Over at the Reclaiming the Mission blog, I’ve thrown in my two cents in an debate between David Fitch & Ed Stetzer. This disagreement is over Ed’s data about megachurches and sheep stealing. Stetzer claimed that
about 44% of new members at megachurches are from other local churches– not 60%, not 70%, and definitely not 95%. I hear people saying 90% and I agree that’s a myth. (But it is still way too high… just like so many other churches.)
I wish it were 0%, and every person that joined a megachurch was formerly without Christ, but the fact is that people do transfer between churches. Yet, I don’t know of any research or real evidence (beyond “but I KNOW it is true, Ed”) that megachurches transfer more out of local churches, destroying them while benefiting their own growth.
Fitch argued that the data was suspect, but ceded the point that small churches are just as guilty. His larger point was that
The real proof that mega churches are merely playing in a game of Christian musical chairs is the fact that on a macro basis, the percentage of Christians attending a church over the whole country is still on a slow decline.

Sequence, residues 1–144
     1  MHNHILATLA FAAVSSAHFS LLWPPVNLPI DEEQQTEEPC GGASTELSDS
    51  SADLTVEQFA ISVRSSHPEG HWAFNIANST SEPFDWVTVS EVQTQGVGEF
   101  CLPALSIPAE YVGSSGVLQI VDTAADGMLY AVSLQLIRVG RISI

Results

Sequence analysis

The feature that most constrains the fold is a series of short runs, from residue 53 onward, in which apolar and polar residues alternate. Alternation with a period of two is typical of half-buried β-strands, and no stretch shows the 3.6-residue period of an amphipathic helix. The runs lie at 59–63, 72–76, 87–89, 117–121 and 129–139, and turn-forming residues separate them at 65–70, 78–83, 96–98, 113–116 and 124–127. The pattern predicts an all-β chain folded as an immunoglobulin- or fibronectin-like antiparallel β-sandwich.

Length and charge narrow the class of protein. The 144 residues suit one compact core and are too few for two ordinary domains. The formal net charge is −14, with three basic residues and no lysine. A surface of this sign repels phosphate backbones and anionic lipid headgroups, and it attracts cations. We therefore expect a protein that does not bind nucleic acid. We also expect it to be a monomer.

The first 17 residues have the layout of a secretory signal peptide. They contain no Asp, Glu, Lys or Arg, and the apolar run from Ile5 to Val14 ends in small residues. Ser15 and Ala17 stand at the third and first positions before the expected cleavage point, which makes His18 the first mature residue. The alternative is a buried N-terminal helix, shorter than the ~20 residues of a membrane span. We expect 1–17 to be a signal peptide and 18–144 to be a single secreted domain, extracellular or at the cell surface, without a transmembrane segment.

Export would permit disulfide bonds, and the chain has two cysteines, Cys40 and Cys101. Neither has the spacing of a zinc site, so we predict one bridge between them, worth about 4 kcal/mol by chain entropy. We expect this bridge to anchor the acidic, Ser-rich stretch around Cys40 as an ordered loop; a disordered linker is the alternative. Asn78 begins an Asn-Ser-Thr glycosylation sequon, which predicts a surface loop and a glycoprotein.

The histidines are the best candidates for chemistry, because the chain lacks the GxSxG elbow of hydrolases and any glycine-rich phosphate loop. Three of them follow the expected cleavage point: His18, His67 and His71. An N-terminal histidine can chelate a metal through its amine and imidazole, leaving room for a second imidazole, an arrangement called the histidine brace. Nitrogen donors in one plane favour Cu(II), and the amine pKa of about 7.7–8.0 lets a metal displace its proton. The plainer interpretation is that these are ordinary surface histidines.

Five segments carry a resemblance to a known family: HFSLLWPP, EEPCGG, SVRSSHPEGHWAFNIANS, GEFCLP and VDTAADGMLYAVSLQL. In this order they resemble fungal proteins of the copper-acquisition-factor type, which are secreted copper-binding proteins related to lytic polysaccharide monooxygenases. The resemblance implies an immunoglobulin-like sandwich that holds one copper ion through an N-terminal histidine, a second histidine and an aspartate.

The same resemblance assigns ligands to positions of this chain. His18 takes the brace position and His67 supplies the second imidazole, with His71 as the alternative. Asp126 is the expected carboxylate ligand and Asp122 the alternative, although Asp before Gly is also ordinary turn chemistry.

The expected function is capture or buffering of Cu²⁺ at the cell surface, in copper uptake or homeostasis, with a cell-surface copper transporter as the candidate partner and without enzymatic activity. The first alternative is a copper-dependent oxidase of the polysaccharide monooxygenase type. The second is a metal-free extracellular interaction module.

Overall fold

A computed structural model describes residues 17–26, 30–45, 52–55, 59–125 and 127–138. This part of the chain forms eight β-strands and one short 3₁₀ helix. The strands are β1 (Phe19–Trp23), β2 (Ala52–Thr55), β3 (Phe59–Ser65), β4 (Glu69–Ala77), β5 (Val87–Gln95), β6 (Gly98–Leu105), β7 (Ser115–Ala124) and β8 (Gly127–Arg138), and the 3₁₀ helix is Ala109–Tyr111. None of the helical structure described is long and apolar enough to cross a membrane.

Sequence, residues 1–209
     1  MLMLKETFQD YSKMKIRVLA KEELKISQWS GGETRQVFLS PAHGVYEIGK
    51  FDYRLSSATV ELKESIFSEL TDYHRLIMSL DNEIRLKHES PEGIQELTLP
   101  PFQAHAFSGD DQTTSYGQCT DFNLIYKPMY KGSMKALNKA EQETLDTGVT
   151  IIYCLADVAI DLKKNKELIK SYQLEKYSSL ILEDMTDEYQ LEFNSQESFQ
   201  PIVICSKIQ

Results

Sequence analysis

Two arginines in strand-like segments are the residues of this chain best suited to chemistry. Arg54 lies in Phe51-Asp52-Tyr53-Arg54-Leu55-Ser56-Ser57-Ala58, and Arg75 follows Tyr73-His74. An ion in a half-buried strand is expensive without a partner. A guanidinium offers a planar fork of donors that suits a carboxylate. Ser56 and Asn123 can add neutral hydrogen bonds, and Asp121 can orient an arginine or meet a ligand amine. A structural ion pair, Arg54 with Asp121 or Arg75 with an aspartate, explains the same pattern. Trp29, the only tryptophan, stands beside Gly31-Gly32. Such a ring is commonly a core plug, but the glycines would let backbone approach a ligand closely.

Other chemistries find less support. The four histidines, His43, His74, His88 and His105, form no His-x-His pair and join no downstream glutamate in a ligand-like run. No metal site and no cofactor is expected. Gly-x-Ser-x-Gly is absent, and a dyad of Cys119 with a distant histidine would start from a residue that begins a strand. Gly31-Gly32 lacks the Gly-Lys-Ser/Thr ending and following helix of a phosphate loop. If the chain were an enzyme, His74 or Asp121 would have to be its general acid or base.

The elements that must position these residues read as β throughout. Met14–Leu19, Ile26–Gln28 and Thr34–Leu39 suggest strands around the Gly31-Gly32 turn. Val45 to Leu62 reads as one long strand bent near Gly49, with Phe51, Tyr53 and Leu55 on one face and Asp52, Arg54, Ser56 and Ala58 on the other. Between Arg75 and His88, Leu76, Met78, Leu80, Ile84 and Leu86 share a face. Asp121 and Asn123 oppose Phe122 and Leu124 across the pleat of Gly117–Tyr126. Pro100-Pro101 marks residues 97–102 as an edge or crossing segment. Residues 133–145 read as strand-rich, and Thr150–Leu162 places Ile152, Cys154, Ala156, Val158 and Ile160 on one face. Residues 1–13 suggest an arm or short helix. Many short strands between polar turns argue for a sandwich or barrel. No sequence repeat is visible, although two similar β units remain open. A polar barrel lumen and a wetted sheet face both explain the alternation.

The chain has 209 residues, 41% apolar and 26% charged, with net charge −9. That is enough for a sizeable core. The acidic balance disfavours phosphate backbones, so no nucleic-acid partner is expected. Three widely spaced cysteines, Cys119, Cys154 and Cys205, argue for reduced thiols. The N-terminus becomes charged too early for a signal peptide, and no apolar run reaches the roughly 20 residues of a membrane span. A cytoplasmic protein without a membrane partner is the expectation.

So in their friendly debate, they could agree that there were too many church transfers. The immediate question I asked is why is it people don’t want to stay? Why are they not so passionate about their community and their role within it that they can’t imagine being anywhere else?
Fitch and his team over at the Reclaiming the Mission blog have been kind enough to post my thoughts on “Three Ways to Keep Your Sheep From Getting Stolen.” Here’s a slice:
It would be easy to write off church hopping as a cultural phenomenon. You could even cite the individual for a lack of spiritual maturity. But churches have a responsibility as well.
Imagine if your sheep were so deeply committed to your church that it would be hard to accept a job offer in a new city.
Imagine if there was such a level of commitment that they would be willing to put up with poor preaching and bad music.
Church hopping and sheep stealing doesn’t have to be inevitable. But it will require doing at least three things differently.
(Read the rest here.)
What about you have you ever left a church? Why did you leave? What would make a church worth staying at?
Updated: The article was reposted here by churchleaders.com, which inspired a great discussion.